Twenty years later, the remains of humanity live mostly in quarantine zones, which the new government runs with an iron fist. Joel has made his way as a smuggler with Tess near Boston. (Tess was voiced by Annie Wersching in the game, who also played the Borg Queen in Picard, and unfortunately recently died of cancer at 45.) 

Marlene, the leader of a rebel group, the Fireflies, offers them the job of smuggling Ellie to a safe house, as she is possibly the best, last hope for humanity. The voyage is hard, scary, and at times tragic, including run-ins with The Infected, raiders, and even cannibals.

***Now, real spoilers that will ruin the game for you if you haven’t played***

(Okay, you’ve been properly warned …)

When they finally reach the safe house months later, they prepare Ellie for surgery. When Joel finds out they must remove Ellie’s brain to create the vaccine, Joel cannot bear losing another person he was responsible for. In an epic, heartbreaking, and guilt-inducing final sequence, you play as Joel and kill every one of the Fireflies, save Ellie, possibly damning humanity, and then lie to her. This was the first time many players were forced to play and watch and act as the unknown villain, an experience that sticks with you.

Title Image: The Last of Us™ Remastered_20140801152030” by planetfifa14 is licensed under CC BY-NC-SA 2.0.

Interview with Authors Sofía Lapuente & Jarrod Shusterman

Sofía Lapuente (she/her) is an author, screenwriter, and avid world traveler who immigrated from Spain to the United States to realize her dream of storytelling. Since then, she has received a master’s degree in fine arts at UCLA, worked as a producer and casting director on an Emmy-nominated show, and received co-author credits in Gleanings, the New York Times bestselling fourth installment of the Arc of a Scythe series, with her partner, Jarrod Shusterman. Together, the couple writes and produces film and television under their production company Dos Lobos Entertainment.

Jarrod Shusterman (he/him) is the New York Times bestselling co-author of the novel Dry, which he is adapting for a major Hollywood film studio with Neal Shusterman. He is also the co-author of the accoladed novel Roxy. His books have all received critical acclaim and multiple-starred reviews. Sofí Lapuente and Jarrod are partners in every sense of the word, with love and multiculturalism as an ethos—living between Madrid, Spain, and Los Angeles, California. If they are not working, it means they’re eating. For behind-the-scenes author content and stupidly funny videos, follow them on Instagram and TikTok @SofiandJarrod.

I had the opportunity to interview Sofí and Jarrod, which you can read below.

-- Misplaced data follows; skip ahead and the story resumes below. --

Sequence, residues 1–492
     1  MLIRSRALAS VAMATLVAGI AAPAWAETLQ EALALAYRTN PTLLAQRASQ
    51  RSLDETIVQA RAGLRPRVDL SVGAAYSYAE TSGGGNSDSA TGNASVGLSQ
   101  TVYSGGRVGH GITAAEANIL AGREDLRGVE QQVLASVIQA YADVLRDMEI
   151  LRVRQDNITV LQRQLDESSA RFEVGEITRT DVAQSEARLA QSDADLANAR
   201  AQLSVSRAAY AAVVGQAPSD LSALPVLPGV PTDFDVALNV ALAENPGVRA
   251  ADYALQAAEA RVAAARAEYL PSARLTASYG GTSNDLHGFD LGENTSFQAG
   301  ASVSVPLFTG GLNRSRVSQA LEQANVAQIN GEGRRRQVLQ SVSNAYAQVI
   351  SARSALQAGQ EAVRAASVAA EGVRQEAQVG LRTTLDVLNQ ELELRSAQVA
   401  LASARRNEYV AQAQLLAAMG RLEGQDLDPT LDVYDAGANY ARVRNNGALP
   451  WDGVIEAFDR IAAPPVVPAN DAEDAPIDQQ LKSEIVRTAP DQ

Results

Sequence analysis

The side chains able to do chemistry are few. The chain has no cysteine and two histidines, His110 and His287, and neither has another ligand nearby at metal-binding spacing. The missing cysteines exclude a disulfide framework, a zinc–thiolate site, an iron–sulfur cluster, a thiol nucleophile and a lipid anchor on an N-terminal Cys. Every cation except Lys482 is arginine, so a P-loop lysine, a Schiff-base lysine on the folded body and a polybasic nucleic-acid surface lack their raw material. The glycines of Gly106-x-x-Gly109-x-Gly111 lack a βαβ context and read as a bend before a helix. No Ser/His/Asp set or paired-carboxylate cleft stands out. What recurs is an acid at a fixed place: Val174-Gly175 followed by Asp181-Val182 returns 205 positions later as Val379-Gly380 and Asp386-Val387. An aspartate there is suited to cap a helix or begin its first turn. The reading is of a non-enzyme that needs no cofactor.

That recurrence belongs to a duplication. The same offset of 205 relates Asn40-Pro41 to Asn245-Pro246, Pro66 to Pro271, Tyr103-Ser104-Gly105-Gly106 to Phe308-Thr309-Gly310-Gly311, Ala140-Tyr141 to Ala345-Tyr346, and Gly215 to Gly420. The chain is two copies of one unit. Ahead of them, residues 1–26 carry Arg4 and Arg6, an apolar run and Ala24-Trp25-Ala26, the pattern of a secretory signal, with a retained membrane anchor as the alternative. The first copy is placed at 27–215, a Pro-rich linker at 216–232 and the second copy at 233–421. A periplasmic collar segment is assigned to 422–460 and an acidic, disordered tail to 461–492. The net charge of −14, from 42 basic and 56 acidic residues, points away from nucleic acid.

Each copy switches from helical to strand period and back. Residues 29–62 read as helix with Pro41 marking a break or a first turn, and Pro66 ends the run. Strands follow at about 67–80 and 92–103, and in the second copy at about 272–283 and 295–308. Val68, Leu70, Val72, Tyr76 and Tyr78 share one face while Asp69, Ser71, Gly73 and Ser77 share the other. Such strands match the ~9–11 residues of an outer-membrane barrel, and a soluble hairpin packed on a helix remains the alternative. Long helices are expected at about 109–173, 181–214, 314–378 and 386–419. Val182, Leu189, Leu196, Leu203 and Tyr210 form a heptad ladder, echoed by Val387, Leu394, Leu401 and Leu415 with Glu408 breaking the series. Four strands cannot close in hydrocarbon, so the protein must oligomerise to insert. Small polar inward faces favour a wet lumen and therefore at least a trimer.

First of all, welcome to Geeks OUT! Could you tell us a little about yourself?

Sofi: Hi there, Jarrod and I are partners! I’m from Madrid, Spain so English is a second language for me—and I immigrated here to make my dream real of writing stories. It’s important for me to represent strong female protagonists, my Hispanic culture, and to make sure everyone feels included in our books <3

What can you tell us about your latest book, Retro? What was the inspiration for this project?

Jarrod: It started with the thought, that considering all the apps and algorithms, do we really have control over our own thoughts, or does technology? We also heard this crazy concept, that ever since the advent of the smartphone humans have become cyborgs, with our computing systems in our pockets. We’re not the same. It’s like that moment we discovered tools and moved from monkey to man. It happened in our lifetime and it made us think, Why aren’t there more YA books that not just include technology, but talk about it.

Sofi: It got us thinking, can we really live without our smartphones? And in our book RETRO that’s exactly what the characters have to do. They take the Retro Challenge— and if they can make it the whole year without those smart devices they’ll win a full ride scholarship! And they’ll do it in style, dressing in vintage gear and living life like a fun retro movie. Only when contestants start going missing, it’s up to our protagonists Luna and her friends to figure out who is sabotaging the challenge, or maybe they’re next. RETRO is a fun guilty pleasure thriller where you go on this adventure with all these characters who end up being your new best friends! Get ready to laugh, cry, and devour the book like a serious Netflix binge!

How did the two of you come together to work on it?

Jarrod: Sofi and I met rather serendipitously in LA—and we were both working in the Film and Television business at the time, while I was also working on my first novel DRY. After a few months of being together we decided to merge our dreams together and start writing screenplays and novels, and here we are! It’s so amazing to work with your life partner, and you really learn interesting things about them, like: would you go in that burning building? Would you throw a milkshake in jerk person’s face? What would you do if you were kidnapped? Most couples don’t play those scenarios out over dinner, but we like it this way 🙂

Sofía Lapuente Photo Credit Diego Bravo

As writers, what drew you to the art of storytelling, specifically young adult fiction?